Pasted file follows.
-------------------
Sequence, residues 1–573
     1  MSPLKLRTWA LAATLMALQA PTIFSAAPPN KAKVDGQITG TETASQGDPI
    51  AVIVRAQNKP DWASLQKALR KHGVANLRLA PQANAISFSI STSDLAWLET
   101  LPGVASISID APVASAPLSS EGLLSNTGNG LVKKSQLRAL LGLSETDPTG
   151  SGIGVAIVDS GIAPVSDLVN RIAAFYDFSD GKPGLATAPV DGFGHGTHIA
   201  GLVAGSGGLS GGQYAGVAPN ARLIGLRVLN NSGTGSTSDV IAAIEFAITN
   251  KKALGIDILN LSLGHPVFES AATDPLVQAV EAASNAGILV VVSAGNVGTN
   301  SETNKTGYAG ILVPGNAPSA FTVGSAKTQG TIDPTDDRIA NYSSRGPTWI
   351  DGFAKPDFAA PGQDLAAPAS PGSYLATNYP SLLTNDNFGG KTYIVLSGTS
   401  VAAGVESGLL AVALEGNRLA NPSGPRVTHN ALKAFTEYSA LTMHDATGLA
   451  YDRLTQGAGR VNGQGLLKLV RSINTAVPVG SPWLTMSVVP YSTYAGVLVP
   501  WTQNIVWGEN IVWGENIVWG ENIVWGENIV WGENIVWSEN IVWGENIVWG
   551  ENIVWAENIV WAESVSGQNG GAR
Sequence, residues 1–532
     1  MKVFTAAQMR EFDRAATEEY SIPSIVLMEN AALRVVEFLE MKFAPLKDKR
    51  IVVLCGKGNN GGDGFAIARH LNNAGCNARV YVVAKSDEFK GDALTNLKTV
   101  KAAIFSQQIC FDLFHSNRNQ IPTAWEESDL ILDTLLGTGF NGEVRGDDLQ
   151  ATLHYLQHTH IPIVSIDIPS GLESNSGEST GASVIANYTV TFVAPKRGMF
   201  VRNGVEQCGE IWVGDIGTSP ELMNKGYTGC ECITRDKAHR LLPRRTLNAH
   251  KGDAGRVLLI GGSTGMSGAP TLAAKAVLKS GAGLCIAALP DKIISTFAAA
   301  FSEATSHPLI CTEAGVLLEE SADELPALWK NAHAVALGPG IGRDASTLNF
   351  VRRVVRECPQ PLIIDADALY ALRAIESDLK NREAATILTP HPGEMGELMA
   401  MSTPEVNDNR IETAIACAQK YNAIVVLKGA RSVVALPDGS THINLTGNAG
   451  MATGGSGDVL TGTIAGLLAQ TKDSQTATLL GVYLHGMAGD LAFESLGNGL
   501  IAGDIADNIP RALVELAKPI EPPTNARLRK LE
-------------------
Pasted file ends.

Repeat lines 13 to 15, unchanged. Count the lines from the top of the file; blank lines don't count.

   551  ENIVWAENIV WAESVSGQNG GAR
Sequence, residues 1–532
     1  MKVFTAAQMR EFDRAATEEY SIPSIVLMEN AALRVVEFLE MKFAPLKDKR